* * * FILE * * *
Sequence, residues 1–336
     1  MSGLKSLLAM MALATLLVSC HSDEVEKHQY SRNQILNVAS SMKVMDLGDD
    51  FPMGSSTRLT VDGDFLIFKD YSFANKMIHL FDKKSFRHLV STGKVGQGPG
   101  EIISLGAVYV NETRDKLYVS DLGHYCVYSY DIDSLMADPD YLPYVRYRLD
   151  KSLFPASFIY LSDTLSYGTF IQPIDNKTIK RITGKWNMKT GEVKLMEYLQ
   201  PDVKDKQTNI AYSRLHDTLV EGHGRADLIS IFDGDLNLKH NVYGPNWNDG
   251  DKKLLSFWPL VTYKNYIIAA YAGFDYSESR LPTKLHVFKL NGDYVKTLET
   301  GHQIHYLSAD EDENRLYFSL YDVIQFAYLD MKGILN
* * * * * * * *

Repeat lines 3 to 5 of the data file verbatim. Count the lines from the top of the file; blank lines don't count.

    51  FPMGSSTRLT VDGDFLIFKD YSFANKMIHL FDKKSFRHLV STGKVGQGPG
   101  EIISLGAVYV NETRDKLYVS DLGHYCVYSY DIDSLMADPD YLPYVRYRLD
   151  KSLFPASFIY LSDTLSYGTF IQPIDNKTIK RITGKWNMKT GEVKLMEYLQ